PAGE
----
Spring of my junior year of college, I took an experimental film course. It was one of the best classes I took during my time in school. One day, we skyped with documentarian, Alan Berliner. He’s a great artist, and I love his work. These were some gems of quotes from that interview (useful when applied to both art and to life):
"Everything you do should be the hardest thing you’ve done."
"Each of us have our own way of doing things and we have a responsibility to discover our way."
"It’s okay to get lost. In finding your way, you’ll make your art."
"I have to wait a year after I make a film so I can forget how hard it was and I can feel motivated to work again."
"Every work of art is a balancing act between what is revealed and unrevealed. It’s a mitigated vulnerability."
"If the audience can feel that I’m protecting him, sentimentalizing or praising him, something is lost. The audience must realize the risk, the fragility, the existential pain — instead of in the bay, we are now in the ocean. There are sharks out there and you can drown."
"There’s only one Ultimate Meal, and it doesn’t come in flavors." (ha!)
"Waste your time. Waste your money. That’s the only way to learn." (not Alan’s, but his friend’s quote.)
"What don’t you know if you can do? What don’t you know if you have? Find out."
"I aim to keep the word ‘inventor’ in the air at all times."
—And my favorites:
"It’s inevitable. You become who and what you are."
"If it doesn’t come from a place where your heart and mind intersect, don’t do it."
"Art requires fascination, urging and need."
six rascals from austin who had never done improv together did a month-long run at upstairs gallery in november 2013
keanu is molly moore, danny catlow, devin race, brady james, max lipchitz and kayla lane freeman
I grew up learning to be a feminist. I wasn’t given Gloria Steinem board books or Riot Grrrl coloring pages; I was not indoctrinated. I learned about equality and respect for women from my mother who never once entertained the idea or endorsed an ideology that her daughters could not do anything that they set their minds to. She rejected the Catholic church because she knew that her daughters would not have an equal place at that table. She is a woman who does not shrink at social pressure in the face of her beliefs.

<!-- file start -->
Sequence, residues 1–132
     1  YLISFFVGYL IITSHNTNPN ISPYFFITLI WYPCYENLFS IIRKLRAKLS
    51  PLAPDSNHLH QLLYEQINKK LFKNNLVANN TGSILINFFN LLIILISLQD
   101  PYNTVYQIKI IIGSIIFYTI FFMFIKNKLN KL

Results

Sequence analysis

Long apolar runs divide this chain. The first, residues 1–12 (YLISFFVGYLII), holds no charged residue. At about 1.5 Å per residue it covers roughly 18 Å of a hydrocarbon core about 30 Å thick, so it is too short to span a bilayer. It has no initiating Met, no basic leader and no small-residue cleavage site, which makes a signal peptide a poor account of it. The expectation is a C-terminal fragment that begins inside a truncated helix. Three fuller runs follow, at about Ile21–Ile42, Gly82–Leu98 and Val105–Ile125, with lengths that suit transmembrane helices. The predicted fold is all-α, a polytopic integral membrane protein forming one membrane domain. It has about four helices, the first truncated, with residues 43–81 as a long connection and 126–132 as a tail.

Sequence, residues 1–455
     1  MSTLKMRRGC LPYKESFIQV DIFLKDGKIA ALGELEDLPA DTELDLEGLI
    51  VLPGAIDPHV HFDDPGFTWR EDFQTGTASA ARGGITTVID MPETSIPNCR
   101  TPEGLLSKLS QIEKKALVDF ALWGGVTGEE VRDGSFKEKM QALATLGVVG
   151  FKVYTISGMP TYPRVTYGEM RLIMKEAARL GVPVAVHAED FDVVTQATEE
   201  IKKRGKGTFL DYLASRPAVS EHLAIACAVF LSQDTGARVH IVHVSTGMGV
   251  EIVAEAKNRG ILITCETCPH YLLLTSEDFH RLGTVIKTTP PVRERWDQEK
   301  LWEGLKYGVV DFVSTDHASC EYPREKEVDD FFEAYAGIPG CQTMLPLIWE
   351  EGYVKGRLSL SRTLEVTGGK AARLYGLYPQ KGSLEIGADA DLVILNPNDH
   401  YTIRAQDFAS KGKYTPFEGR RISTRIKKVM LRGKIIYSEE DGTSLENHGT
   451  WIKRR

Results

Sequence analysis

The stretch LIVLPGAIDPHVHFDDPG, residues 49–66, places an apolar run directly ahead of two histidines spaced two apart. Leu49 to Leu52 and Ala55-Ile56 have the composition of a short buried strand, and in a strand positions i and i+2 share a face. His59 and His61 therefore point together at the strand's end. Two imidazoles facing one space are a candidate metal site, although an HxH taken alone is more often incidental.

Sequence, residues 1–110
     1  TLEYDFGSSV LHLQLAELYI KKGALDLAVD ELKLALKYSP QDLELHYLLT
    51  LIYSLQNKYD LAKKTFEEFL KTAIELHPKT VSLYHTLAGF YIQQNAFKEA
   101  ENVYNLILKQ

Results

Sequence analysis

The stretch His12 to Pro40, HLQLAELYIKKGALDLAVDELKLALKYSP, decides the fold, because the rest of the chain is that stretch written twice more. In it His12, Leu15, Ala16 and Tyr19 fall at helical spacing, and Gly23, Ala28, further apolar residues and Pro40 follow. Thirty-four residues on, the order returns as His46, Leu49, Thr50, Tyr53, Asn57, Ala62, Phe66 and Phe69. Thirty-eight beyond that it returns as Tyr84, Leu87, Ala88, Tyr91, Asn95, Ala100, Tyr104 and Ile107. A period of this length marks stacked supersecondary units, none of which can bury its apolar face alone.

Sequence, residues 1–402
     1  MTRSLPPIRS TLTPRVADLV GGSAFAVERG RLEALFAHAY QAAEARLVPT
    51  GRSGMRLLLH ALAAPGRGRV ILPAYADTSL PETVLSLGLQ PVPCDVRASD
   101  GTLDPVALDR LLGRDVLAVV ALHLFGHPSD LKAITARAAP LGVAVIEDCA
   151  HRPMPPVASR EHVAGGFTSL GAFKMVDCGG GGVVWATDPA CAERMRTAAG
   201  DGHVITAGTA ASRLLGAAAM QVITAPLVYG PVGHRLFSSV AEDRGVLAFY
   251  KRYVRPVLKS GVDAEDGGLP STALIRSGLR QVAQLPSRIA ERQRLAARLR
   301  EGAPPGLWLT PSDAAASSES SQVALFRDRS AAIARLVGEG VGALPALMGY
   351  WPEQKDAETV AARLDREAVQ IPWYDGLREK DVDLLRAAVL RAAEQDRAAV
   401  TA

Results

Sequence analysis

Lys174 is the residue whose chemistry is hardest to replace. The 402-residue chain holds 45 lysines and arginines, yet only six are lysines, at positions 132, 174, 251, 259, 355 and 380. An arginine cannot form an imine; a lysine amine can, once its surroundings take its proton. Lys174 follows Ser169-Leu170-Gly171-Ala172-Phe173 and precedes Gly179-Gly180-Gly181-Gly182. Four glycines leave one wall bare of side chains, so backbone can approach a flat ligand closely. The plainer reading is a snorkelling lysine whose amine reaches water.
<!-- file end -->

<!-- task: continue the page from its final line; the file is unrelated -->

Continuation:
When I was 5, I wanted to be a major league baseball player. I loved going to ProPlayer stadium in Miami and watch the Florida Marlins. I don’t know that I even liked baseball as much as I liked dot races on the big screen, the booming announcer voice, and eating ice cream with rainbow sprinkles out of a miniature teal helmet. My parents signed me up to play t-ball; the only girl on a team full of boys. It didn’t occur to me that it was weird until they all ganged up on me and teased me.
I played with Legos and Hot Wheels as often as I played with Barbies and Cabbage Patch Kids. I didn’t understand that a car or a house of bricks was gendered until the clerk at McDonald’s said they were all out of “boy toys” when I asked for a racecar instead of a doll.
I held the hand of my best friend Chelsea in kindergarten, and declared that we were going to get married. Kyle Tyson called us gay, and all I knew was that meant we were happy. And we were! I think my teacher cringed, but my mom never batted an eyelash. She told me that if I wanted to get married to Chelsea, I could do that someday, but I’d better wait until adulthood to make any life-changing decisions.
I was not a tomboy, in the sense that I did not reject all things stereotypically “feminine”. I loved to wear sundresses with sneakers and run around outside and play kickball. I had long hair that I hated being brushed, but never wanted to cut.
I seldom remember being told to “sit like a lady”. Instead, my mom just learned to stick bike shorts underneath all my dresses. I was encouraged to be ambitious, to be loud, and to chase my dreams. My mom never celebrated the fact that I was a girl who could do math; I was not smart “for one of the girls”. I was smart, and that was celebrated in itself. My mom killed spiders, opened pickle jars, assembled furniture, and fixed cars. She also baked cookies, vacuumed, went grocery shopping, and braided hair.
I was raised to be a feminist, because I was not shown a discrepancy between gender. I was not told that there were things for boys to do and things for girls to do. I was not shown a woman who was weak or subservient, nor a man who did not treat his wife as an equal partner. Seldom did I feel like a “girl” growing up, for more often than not I just felt like a person. Gender equality made sense, instinctively, because being kind to all people made sense, and the distinction between boy and girl felt as measly as eye color or height.
My mother raised me a feminist because she saw potential like starfire in the eyes of her young daughters. She saw curiosity and intelligence and capacity for talent. And she would be damned if she let that go to waste because of some silly, self-imposed idea that success was reserved for the boys.